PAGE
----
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Protecting Yourself if Accused of A Cybercrime

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Today, the world is more digitally connected than ever before. The internet has revolutionized the way we communicate, shop, and live. It influences nearly all aspects of people’s lives. With the increasing interconnectedness of our world, however, comes a corresponding increase in criminal activity. While internet crimes were once relatively rare, they are now becoming increasingly prevalent.

In the past, convictions for cybercrimes were relatively rare. Offenses were difficult to detect and the subculture of the cyberworld wasn’t well understood. Plus, it takes a great deal of time and investment for law enforcement agencies to catch up on equipment and training for ever-evolving technologies and the societal changes that go along with that.
Law enforcement agencies have stepped up their efforts to tackle these crimes. They are using all the resources at their disposal.  Electronic surveillance, undercover operations, and stricter Federal and state laws enacted are aiding zealous prosecutors in fighting cybercrime. Law enforcement agencies have become increasingly emboldened with their use of “stings” targeting internet crime, particularly those involving sexual offenses against minors. They are devoting substantial resources to these cases.

All internet crimes fall into one of two categories: crimes against one’s intellectual property and crimes against computer users. Examples of the former include illegal music downloading or theft of design patents.  Crimes against computer users include but are not limited to identity theft, credit card fraud, hacking, phishing, Solicitation of a minor, and child pornography.

Each offense warrants a specified minimum sentence that the judge may apply at his or her discretion. If you have been accused of committing cybercrime, it is important to take the accusation seriously. Cybercrime is a serious offense and the penalties are severe A sharp criminal defense lawyer may be able to successfully negotiate to have your sentence lowered. The sooner you get an attorney involved, the better your chances are of having your charges reduced or eliminated.

There are several basic defenses an accused person can argue if they have formed a strategic and compelling case from an aggressive lawyer. These defenses include:

  1. Mistaken Identity: The defendant may be wrongfully accused or may not have committed the crime in question. It is crucial to establish reasonable doubt by demonstrating a lack of evidence to support the accusation.
  2. Unlawful Search and Seizure: If the authorities obtained evidence through an unlawful search and seizure, it may be deemed inadmissible in court. This defense requires careful examination of the circumstances under which the evidence was obtained.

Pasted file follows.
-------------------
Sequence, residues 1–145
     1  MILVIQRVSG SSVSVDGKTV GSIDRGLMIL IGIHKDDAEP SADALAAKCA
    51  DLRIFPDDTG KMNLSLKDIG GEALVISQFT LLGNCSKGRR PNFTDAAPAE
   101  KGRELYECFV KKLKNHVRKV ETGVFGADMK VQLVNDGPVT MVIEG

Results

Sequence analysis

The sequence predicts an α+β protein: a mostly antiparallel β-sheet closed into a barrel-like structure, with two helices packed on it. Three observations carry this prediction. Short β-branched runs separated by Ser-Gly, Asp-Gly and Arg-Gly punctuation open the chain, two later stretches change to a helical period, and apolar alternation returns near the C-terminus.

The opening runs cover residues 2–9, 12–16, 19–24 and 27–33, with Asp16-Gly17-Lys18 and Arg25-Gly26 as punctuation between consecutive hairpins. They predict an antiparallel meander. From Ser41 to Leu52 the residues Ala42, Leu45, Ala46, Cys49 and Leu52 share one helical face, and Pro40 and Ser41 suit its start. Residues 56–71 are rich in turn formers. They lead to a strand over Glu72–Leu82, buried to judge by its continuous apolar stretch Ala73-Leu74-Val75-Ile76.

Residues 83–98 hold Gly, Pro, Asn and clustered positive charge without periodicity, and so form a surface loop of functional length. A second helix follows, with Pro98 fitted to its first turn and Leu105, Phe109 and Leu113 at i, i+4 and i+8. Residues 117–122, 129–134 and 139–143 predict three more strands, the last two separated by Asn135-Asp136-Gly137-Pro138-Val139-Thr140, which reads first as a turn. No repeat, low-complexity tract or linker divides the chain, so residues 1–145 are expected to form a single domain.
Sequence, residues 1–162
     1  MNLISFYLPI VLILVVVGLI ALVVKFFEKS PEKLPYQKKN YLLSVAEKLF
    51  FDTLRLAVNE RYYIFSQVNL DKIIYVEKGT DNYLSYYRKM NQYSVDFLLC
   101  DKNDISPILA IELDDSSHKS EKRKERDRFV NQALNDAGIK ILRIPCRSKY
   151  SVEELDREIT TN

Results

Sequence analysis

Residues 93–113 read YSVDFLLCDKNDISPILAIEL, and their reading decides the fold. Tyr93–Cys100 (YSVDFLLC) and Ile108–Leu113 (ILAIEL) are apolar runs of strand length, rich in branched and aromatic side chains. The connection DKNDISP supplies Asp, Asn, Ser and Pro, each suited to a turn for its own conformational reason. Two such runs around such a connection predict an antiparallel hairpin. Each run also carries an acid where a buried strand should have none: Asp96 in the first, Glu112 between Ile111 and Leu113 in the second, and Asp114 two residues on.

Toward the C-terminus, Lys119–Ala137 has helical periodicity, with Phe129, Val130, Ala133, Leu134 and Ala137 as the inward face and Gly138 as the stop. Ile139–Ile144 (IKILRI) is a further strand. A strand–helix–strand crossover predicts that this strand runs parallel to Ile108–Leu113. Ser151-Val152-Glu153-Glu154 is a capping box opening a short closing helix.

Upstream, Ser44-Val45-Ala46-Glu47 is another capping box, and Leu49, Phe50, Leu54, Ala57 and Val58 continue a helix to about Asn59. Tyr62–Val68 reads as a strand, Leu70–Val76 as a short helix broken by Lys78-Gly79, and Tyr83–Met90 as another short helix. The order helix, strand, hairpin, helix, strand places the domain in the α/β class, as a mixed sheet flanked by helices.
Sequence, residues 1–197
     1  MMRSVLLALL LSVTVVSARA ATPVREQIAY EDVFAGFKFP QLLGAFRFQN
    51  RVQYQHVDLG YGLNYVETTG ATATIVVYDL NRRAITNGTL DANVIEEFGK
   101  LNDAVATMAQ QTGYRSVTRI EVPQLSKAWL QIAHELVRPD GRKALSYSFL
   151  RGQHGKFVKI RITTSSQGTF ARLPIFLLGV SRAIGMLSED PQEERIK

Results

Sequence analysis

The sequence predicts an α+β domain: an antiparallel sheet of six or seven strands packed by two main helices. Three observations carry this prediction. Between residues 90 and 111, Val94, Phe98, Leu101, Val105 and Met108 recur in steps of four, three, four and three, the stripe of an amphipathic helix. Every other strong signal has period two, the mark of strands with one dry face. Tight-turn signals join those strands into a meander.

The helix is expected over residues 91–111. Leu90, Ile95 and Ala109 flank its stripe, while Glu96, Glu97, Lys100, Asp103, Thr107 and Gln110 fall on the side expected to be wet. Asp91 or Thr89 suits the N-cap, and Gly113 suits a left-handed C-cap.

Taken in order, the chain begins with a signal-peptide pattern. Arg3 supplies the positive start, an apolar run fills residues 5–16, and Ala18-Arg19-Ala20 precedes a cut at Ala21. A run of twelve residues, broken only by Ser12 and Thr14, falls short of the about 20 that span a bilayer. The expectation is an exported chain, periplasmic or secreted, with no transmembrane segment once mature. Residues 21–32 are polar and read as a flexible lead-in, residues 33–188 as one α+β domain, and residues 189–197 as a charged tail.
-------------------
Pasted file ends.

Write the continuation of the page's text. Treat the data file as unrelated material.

3. Miranda Rights Violation: When a suspect is in police custody, they are typically read their rights, including the right to remain silent and the right to have an attorney present. If these rights were not followed, any statements obtained during the interrogation may be deemed inadmissible.
  4. Misunderstanding: The charges could be based on a misunderstanding or miscommunication. The defense may argue that the accused person did not intentionally commit any cybercrime.
  5. Permission to Access Information: The accused may have obtained access to the information through valid means, such as authorization or permission. This defense requires establishing sufficient evidence that the defendant had a legitimate right to access the information.
  6. Victim of Entrapment: In some cases, the accused may be a victim of entrapment, where authorities induce or encourage someone to commit a cybercrime. The defense must prove that the accused was not predisposed to commit the crime and was coerced or manipulated by law enforcement.

It is important to note that these defenses are not exhaustive and may vary depending on the specific facts and circumstances of the case. It is essential to consult with a knowledgeable attorney who can assess the strength of your defense and develop a strategic approach to protect your interests.

Lackey & Miller, LLC can quickly ascertain potential weaknesses in a prosecutor’s case, and in some instances, we can work proactively to convince the government to file lesser charges or perhaps dismiss them altogether.

Derek Miller

Written By Derek Miller


Derek Miller is a seasoned criminal attorney who served thirteen years as a Deputy Attorney General with the New Jersey Office of the Attorney General, Division of Criminal Justice, before co-founding Lackey & Miller, LLC.

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